clock menu more-arrow no yes

Filed under:

Nate Diaz explains how Conor McGregor fight came together: 'I'm the show'

New, 65 comments
Esther Lin, MMA Fighting

TORRANCE, Calif. -- Nate Diaz was Conor McGregor's opponent of choice. That's about all the two men would agree on Wednesday at a UFC 196 press conference here at UFC Gym.

Diaz said that the UFC has been in contact with him about fighting McGregor since before UFC 189 when Jose Aldo pulled out of the main event against the brash Irishman.

"They've been calling me on and off for this guy since he was supposed to fight Aldo the first time," Diaz said. "They knew they were fighting me this whole camp, I'm sure. They put out a video of him talking sh*t on me at the MMA Awards like two weeks ago. You guys know something already?"

McGregor, the UFC featherweight champion, admitted that he has been interested in fighting Diaz since last July. He was not the first choice for UFC 196, though. That was Rafael dos Anjos, the UFC lightweight champion. McGregor's goal has been to have two UFC titles in separate weight classes at the same time, which no one has ever done.

When dos Anjos fell out of the fight with a broken foot Tuesday, McGregor's mind went back to Diaz. Frankie Edgar and Jose Aldo both couldn't do it. Donald Cerrone was a consideration, McGregor said, but Diaz has beaten Cerrone and dos Anjos finished "Cowboy" in the first round. Diaz was the leader in the clubhouse.

"At least Nate was engaging in the conversation," McGregor said. "Everyone else flat-out went running. Instantly, he became the frontrunner. And that's it."

McGregor said Diaz made it difficult at first, because he couldn't get down to the lightweight limit of 155 pounds. First, Diaz's team proposed the fight be at 160, then 165, McGregor. Finally, McGregor said he told UFC brass to just make it 170, so Diaz could be "comfortable."

That's not at all how Diaz saw it going down.

"They asked me to fight and I said yes -- from the beginning," Diaz said. "So whatever problems they had, I don't know. But I came ready to fight. Any weight class, it didn't matter. There was no hesitation on my part. I was ready to rock the whole time. I said it a few months ago."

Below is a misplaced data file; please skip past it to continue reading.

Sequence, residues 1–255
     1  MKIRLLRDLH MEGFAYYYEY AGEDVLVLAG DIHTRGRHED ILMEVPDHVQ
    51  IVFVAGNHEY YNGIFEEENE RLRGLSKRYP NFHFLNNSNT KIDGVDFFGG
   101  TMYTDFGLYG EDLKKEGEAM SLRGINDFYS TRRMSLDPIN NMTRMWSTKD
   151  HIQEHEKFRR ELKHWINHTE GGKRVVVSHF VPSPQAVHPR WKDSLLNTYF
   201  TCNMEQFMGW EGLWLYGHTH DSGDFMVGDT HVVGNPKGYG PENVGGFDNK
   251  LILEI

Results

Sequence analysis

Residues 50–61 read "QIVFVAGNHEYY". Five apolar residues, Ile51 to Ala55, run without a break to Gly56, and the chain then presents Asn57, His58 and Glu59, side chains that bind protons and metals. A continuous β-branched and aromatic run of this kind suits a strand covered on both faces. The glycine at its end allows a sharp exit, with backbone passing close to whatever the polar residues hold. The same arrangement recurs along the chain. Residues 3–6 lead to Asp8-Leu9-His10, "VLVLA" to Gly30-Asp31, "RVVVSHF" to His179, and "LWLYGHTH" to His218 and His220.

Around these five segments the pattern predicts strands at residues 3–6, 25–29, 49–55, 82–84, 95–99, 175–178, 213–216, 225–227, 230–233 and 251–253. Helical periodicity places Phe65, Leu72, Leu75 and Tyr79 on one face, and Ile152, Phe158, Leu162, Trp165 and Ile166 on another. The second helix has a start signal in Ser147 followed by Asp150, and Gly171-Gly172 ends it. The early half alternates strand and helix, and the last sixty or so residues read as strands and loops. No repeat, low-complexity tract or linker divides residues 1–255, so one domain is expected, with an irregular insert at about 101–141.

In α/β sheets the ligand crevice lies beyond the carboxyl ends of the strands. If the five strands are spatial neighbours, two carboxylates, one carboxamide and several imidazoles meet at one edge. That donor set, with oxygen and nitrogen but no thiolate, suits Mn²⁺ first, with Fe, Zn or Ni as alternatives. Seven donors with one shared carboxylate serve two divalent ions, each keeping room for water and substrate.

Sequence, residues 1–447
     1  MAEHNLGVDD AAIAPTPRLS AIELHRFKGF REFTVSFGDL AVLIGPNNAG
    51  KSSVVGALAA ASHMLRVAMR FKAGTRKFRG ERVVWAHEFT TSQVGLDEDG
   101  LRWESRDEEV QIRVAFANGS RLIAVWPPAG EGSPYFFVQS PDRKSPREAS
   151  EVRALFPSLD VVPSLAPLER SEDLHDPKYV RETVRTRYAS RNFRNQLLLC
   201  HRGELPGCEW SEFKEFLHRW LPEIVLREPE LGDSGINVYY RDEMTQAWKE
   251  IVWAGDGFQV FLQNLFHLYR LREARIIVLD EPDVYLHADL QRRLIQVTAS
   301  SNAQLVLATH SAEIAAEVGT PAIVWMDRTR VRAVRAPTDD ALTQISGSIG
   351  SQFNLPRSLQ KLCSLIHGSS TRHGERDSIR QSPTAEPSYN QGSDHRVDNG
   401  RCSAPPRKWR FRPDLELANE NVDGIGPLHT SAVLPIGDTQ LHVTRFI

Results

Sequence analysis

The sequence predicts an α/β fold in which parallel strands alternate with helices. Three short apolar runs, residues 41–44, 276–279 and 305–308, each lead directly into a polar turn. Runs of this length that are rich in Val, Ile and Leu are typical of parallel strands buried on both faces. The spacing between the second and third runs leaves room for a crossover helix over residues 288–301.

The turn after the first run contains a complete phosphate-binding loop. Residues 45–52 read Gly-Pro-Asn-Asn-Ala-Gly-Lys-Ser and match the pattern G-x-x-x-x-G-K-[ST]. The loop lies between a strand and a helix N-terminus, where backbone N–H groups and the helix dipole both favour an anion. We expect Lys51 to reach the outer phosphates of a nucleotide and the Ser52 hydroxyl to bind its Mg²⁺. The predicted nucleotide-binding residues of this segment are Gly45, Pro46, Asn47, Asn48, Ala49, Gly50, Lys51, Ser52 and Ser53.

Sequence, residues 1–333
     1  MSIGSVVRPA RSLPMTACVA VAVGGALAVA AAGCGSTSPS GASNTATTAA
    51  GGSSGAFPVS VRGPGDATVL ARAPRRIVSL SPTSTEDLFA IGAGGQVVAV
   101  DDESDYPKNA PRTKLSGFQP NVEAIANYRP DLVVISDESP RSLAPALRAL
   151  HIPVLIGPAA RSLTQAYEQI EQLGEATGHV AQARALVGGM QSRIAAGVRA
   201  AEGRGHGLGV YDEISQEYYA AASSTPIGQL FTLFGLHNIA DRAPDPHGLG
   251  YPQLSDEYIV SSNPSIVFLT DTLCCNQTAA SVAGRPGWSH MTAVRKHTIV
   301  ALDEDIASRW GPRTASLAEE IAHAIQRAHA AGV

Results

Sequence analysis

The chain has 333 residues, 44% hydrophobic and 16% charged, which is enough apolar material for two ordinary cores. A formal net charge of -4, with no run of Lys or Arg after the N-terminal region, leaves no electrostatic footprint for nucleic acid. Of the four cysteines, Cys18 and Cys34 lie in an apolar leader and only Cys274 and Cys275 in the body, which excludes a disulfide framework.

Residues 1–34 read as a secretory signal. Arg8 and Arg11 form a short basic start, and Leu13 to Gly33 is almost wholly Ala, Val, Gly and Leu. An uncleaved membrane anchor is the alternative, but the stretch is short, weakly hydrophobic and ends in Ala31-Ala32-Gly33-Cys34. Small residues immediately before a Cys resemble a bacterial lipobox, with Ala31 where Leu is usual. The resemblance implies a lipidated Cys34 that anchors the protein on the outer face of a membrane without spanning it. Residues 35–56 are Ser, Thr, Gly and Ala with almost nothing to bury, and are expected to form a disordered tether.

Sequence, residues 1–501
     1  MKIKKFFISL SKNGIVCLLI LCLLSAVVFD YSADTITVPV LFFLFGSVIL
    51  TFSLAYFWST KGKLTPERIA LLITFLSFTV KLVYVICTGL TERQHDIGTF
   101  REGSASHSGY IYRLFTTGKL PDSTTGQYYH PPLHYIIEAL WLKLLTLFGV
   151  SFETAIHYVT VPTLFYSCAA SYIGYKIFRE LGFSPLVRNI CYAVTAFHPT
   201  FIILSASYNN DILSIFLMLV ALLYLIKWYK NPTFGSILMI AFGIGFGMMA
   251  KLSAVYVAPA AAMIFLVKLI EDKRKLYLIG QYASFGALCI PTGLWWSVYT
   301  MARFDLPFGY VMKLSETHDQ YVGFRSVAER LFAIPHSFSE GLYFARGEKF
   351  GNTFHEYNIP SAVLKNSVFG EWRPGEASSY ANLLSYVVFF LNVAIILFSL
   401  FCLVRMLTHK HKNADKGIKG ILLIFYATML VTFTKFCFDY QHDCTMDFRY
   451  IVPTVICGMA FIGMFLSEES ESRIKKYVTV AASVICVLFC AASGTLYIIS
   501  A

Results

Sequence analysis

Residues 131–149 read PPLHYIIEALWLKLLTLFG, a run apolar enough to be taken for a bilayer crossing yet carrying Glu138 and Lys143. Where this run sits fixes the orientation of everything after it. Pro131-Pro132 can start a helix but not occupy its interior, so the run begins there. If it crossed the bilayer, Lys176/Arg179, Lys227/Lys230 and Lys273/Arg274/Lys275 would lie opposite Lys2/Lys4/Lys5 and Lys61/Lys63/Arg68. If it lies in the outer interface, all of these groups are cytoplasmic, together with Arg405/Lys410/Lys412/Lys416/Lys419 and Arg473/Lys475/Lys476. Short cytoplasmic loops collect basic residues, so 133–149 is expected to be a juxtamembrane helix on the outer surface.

The initial hold up could have been more of a financial one than a weight one. McGregor said he told the UFC to give Diaz what he was asking for.

"They gave me a f*ckload of money and you know what I said?" Diaz said. "I said, 'I want more of that sh*t.' How about that, motherf*cker? Think I'm taking some fight, f*ck that. Pay me. But they called me, I didn't ask."

Diaz did ask for McGregor after he beat Michael Johnson by unanimous decision at UFC on FOX 17 in December. He went after McGregor in an expletive-filled rant right after the fight and doubled down in a classic interview with MMA Fighting's Ariel Helwani.

But when dos Anjos dropped out, Diaz said his team didn't pick up the phone. McGregor wanted Diaz, just like he wanted him in July when he ended up fighting and knocking out Chad Mendes.

"I felt pity on your broke ass," McGregor said. "I wanted to make you rich at UFC 189, but they took Mendes."

And it's obvious why this was a fight McGregor desired. UFC Gym was packed with thousands of people, who waited on line for hours on a balmy February day in Los Angeles.

The energy in the building was palpable. Most of them were McGregor fans, but there were quite a few chants for the Diaz brothers as well. It's doubtful that the turn out would have been as impressive for dos Anjos, an elite fighter with only a fraction of Diaz's fan following.

"I didn't ask," Diaz said. "They called repeatedly. For months. So congratulations to you, mother f*cker. I'm the show."